March 01, 2021

New Economic Policy



New Economic Policy
A “pre-holiday market” in 1920.

During the early years of perestroika, Soviet leader Mikhail Gorbachev often favorably cited the example of NEP, the long-forgotten New Economic Policy the Soviets had launched in 1921 and terminated in 1928. The Soviet people were not used to seeing NEP cast as anything to be emulated. In the past, if NEP was brought up at all, it was usually as a time of “debauchery” or “frenzy,” when “Nepmen” in sumptuous fur coats raced about town in horse-drawn cabs or even fancy motorcars, going from restaurant to restaurant with their giggling girlfriends, while homeless children or baffled workers looked on with sullen hostility.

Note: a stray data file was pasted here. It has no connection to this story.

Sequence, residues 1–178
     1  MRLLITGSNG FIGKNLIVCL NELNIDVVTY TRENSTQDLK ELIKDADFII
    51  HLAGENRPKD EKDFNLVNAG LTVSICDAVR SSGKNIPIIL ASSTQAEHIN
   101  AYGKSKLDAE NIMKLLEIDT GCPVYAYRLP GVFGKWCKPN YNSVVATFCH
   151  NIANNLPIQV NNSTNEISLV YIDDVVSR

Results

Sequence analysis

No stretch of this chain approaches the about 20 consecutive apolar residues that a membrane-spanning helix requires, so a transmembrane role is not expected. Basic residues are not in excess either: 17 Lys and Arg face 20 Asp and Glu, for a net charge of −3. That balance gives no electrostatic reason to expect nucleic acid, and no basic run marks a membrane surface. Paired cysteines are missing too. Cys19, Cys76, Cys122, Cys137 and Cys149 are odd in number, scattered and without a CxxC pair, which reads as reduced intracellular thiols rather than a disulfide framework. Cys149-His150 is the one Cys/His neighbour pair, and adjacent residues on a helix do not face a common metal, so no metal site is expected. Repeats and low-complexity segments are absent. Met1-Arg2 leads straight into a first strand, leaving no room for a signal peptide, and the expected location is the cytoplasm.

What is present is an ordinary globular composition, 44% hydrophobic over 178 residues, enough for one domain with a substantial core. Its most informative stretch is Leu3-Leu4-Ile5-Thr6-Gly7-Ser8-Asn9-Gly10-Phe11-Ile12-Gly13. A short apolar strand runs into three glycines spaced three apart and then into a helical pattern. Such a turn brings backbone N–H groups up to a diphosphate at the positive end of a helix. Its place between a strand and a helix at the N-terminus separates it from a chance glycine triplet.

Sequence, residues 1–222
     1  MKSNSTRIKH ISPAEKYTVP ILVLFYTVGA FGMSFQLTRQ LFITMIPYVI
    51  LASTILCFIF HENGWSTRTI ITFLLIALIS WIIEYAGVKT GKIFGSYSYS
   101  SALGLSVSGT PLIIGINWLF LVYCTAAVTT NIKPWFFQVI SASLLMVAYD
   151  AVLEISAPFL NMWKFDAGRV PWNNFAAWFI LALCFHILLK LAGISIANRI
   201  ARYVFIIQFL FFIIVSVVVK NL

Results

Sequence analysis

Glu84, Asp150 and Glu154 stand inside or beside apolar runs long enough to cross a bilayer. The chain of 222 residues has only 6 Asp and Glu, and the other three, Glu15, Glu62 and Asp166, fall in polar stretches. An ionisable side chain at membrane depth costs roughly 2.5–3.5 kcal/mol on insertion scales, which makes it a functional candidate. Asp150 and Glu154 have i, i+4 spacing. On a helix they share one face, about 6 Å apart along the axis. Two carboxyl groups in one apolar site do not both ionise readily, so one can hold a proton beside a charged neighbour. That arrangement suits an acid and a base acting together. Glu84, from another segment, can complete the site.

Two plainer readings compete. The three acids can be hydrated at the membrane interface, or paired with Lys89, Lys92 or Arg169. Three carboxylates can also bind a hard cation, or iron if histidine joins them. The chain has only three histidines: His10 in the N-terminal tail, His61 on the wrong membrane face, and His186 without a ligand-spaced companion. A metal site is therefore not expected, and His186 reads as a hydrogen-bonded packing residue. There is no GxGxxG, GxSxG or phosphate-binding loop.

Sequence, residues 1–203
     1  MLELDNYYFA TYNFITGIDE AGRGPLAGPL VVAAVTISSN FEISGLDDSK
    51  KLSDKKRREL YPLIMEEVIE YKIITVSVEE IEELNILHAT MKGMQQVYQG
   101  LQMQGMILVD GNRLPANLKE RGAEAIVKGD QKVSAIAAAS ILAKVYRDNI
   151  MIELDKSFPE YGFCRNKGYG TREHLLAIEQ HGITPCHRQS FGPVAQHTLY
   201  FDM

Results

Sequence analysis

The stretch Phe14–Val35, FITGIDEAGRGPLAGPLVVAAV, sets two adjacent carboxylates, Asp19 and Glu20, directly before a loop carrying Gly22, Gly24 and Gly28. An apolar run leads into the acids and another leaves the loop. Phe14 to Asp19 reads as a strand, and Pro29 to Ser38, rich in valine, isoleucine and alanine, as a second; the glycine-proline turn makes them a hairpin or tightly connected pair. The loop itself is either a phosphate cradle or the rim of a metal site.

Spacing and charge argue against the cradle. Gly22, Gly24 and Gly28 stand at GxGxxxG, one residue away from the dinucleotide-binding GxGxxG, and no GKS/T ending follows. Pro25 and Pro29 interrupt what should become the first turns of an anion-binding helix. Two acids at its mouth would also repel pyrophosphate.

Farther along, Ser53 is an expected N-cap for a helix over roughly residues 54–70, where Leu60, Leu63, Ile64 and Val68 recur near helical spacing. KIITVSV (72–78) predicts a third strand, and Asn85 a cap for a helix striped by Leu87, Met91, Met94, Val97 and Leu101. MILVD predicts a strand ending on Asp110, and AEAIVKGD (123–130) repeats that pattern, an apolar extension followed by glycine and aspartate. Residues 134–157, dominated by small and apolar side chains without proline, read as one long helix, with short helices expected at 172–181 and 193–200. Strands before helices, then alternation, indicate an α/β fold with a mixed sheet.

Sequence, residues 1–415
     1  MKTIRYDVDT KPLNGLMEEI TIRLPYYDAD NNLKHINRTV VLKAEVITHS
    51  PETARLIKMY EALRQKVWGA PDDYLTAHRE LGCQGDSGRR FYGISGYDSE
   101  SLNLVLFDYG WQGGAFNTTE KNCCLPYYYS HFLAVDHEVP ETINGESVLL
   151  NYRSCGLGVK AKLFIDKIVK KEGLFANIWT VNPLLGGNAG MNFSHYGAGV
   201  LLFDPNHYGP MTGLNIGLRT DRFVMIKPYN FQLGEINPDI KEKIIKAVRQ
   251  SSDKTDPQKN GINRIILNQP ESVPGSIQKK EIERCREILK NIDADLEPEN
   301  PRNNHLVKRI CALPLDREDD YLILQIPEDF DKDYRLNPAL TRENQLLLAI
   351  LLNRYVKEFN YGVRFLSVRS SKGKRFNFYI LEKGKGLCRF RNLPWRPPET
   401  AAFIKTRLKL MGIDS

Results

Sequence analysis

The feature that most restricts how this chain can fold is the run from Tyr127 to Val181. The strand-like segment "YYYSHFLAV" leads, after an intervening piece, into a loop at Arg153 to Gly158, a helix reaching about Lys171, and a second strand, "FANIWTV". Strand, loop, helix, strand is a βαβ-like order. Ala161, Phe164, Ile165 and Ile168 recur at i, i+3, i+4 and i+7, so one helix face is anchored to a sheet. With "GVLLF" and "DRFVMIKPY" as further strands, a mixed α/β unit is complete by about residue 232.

NEP had always been regarded as a strange, only vaguely understood, and not very sensible chapter in Soviet history: a pause between the heroic Civil War and the no less heroic Five-Year Plans. Generally speaking, the NEP period really was a hiatus between two eras in Soviet history that were more horrific than heroic.

In Ilf and Petrov’s The Little Golden Calf, an old man comes to Ostap Bender offering to take the fall when a crooked scheme Bender is cooking up unravels. The man, who has made a career out of serving time for other people’s crimes, waxes nostalgic about how business boomed during NEP. Bender was getting ready to set up an office, Horns and Hoofs, as a front, and “Sitzchairman Funt” was prepared to serve as the fictional head, so that when the time came for the fellows actually running the operation to flee with their ill-gotten gains, or when inspectors caught wind of their machinations, the sitzchairman would be the one to go to prison in their place.


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